Thanks to Paris’ Urban Agriculture Boom, the City’s Best Restaurants Are Serving Hyper-Local Produce

Thanks to Paris’ Urban Agriculture Boom, the City’s Best Restaurants Are Serving Hyper-Local Produce

The cool depths of a parking garage might be the last place you would expect to find culinary innovation in Paris. But as the car-free revolution sweeps through the city, empty concrete caverns are being transformed into subterranean farms that feed a growing appetite for hyper-local produce.

For Laurent Couraudon, the founder of Wesh Grow, an urban agricultural project focusing on the year-round production of microgreens and aromatic herbs, you couldn’t ask for a more ideal laboratory. Underground where the temperature ranges between 68 to 73 degrees Fahrenheit (even during Paris’s scorching hot summers and damp winters), Couraudon uses hydroponics to grow chef-favored delicacies like sweet-pea shoots, amaranth, lemon balm, and earthy micro beets. The freshly plucked greens are then delivered—by bicycle or foot—to many of the city’s Michelin-starred restaurants. Since launching in 2018 through the ParisCulteurs program, which gives unused sites like rooftops, parking lots, and walls to farmers, Wesh Grow has expanded to include multiple farms that supply more than 500 restaurants with local produce.

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Wesh Grow’s farm atop Centre Commercial Beaugrenelle in Paris

Valerie François

Wesh Grow (named after the French slang word “wesh,” which roughly translates to “what’s up?”) is one of many companies contributing to Paris’s radical food system transition. The city plans to increase the total share of locally produced food consumed by Parisians from 25 percent to 50 percent by 2030—a move that would help the sector slash its carbon emissions, and boost employment and biodiversity. For chefs, it also means better access to nutrient-dense, fresh ingredients that aren’t typically available in France.

“When we started with microgreens and aromatic herbs, we first asked the chefs, ‘What do you like and what is hard to find? What do you have to import?’” says Couraudon, who notes that there was just one company in the Netherlands that supplied the majority of microgreens in Europe. “Some chefs could tell us the species but they were happier when we came to them with suggestions. Since we began, we have grown 600 species from around the world.”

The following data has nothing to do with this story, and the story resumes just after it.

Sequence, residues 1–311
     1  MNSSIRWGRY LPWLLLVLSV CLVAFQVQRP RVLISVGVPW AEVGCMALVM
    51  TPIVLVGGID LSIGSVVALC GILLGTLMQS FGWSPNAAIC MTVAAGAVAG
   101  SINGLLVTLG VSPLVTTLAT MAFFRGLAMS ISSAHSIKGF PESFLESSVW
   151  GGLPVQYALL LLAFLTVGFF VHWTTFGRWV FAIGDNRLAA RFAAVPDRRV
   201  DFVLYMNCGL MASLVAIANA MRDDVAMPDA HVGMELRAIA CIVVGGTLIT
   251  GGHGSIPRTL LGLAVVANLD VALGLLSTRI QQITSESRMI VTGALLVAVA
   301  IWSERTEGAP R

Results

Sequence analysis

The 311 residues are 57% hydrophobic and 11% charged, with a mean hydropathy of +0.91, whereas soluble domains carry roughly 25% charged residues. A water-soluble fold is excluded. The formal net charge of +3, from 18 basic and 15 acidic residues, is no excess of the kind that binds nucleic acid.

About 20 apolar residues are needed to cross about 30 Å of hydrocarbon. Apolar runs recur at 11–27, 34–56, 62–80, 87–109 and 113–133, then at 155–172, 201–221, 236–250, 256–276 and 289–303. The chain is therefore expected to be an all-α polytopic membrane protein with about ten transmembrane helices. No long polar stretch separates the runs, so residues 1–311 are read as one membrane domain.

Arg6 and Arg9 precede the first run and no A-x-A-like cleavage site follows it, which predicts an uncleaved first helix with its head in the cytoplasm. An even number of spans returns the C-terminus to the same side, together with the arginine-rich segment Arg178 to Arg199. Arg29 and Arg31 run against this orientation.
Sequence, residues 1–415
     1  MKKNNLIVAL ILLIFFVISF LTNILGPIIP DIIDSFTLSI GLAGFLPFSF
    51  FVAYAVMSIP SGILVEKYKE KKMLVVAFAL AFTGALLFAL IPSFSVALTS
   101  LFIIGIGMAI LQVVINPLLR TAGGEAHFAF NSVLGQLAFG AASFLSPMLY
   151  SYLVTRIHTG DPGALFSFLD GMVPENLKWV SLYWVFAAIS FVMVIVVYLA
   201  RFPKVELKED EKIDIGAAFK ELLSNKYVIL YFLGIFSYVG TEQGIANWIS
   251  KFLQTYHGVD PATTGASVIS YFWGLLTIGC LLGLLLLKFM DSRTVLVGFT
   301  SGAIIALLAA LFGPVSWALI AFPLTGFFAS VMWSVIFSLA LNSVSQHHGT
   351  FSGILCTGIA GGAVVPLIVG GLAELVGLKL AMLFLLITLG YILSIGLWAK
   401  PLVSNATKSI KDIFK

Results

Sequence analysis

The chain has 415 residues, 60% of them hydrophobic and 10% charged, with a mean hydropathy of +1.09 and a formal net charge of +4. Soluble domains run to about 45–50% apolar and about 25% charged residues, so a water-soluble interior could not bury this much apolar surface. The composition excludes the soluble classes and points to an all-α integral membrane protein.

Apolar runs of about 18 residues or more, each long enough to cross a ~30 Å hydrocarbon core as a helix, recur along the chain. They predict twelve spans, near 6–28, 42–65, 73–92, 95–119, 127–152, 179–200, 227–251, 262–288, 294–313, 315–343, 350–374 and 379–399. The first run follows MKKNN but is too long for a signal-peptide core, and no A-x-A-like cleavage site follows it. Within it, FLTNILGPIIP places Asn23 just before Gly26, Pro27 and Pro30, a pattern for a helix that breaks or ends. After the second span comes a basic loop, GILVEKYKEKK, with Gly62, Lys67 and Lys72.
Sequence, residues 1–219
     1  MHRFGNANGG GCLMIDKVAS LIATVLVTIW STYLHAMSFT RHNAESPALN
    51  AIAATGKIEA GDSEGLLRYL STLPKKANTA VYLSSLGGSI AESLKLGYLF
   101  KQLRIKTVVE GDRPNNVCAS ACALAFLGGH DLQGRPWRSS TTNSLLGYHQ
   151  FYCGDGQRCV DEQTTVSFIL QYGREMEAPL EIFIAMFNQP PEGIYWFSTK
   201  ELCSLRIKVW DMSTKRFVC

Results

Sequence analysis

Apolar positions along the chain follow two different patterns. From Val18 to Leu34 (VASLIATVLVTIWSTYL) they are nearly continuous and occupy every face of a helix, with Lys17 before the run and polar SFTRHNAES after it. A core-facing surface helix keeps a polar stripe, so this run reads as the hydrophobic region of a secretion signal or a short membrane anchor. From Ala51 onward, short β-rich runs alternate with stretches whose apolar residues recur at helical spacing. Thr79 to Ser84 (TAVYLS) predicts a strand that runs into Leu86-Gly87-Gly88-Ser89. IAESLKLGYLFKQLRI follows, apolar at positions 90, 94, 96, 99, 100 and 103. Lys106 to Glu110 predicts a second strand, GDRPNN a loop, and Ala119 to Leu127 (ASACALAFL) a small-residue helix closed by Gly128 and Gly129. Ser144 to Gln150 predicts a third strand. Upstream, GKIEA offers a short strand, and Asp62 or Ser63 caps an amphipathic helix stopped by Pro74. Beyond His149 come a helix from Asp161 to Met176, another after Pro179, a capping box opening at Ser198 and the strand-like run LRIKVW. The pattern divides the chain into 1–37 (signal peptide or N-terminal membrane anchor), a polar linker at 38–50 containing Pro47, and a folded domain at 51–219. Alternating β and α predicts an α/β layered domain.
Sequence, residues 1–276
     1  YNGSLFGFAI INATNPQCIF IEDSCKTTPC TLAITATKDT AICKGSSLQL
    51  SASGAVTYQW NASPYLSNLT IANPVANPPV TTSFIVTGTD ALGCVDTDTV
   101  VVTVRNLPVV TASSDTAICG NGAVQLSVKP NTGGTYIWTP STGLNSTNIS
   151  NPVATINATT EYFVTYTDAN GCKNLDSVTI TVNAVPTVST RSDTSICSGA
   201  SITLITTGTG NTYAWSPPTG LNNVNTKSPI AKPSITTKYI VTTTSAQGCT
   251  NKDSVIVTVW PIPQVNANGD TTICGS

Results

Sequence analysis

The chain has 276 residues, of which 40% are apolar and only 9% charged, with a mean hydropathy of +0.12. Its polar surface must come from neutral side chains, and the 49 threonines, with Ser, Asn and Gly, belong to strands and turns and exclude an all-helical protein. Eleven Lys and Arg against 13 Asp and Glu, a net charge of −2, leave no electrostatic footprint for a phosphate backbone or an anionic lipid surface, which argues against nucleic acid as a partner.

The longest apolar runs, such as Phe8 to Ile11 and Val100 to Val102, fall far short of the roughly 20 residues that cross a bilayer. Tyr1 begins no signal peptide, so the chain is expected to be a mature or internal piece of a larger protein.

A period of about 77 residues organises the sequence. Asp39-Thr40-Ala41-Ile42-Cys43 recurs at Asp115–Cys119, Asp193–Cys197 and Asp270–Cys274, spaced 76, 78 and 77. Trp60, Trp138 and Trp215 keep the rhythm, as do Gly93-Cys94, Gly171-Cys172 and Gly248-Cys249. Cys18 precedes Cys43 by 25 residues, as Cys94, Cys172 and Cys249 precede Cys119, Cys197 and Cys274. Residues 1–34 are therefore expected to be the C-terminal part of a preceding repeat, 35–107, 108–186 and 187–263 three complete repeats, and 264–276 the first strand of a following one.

Many of these aromatic herbs now thrive in Wesh Grow’s two-acre soil farm on the rooftop of the Beaugrenelle Paris shopping mall—the largest urban soil farm in the city—which grows 50 species of aromatic herbs from Africa, South America, Australia, and beyond. This September, Wesh Grow’s farm on the top of the Beaugrenelle will open to the public for its first weekend tours, allowing visitors to learn more about the future of local agriculture (complete with a view of the Eiffel Tower). Thanks to bushels of Russian mint, holy basil from India, and zataar oregano from Syria—plus a fleet of new gardeners—the flavors of the world are just a bike ride away.

Herbs from Wesh Grow make their way into dishes at Pouliche

Anne-Claire Héraud

Pouliche’s chef-owner Amandine Chaignot  

Anne-Claire Héraud

“From a chef’s perspective, it’s amazing because herbs taste so much better when they’re fresh and just picked a few hours back,” says Amandine Chaignot, the chef-owner of Pouliche, a restaurant that works almost exclusively with small farmers and producers like Wesh Grow. Having previously worked in the kitchens of five-star hotels in London and Paris, Chaignot says luxury properties are increasingly prioritizing sustainably farmed produce—and their clientele is demanding more of that.

In Paris, perhaps this can be best observed at Hotel Barrière Le Fouquet’s, a culinary destination thanks to its namesake Michelin-starred brasserie. The century-old establishment began working with Wesh Grow in 2020 to source microgreens and herbs for its eateries, including Le Joy, the only restaurant in Paris to exclusively use French products. On the menu, you’ll find pillowy gnocchi paired with shellfish, watercress juice, and lemony, bright oxalis leaves which “bring a touch of acidity that goes well with the iodized side of the dish,” says Bruno Guéret, the hotel’s executive chef. “Our French farmers suffered a lot [during the pandemic], so we decided to highlight their know-how by honoring their quality products. This is our way of supporting them and making French products shine.”

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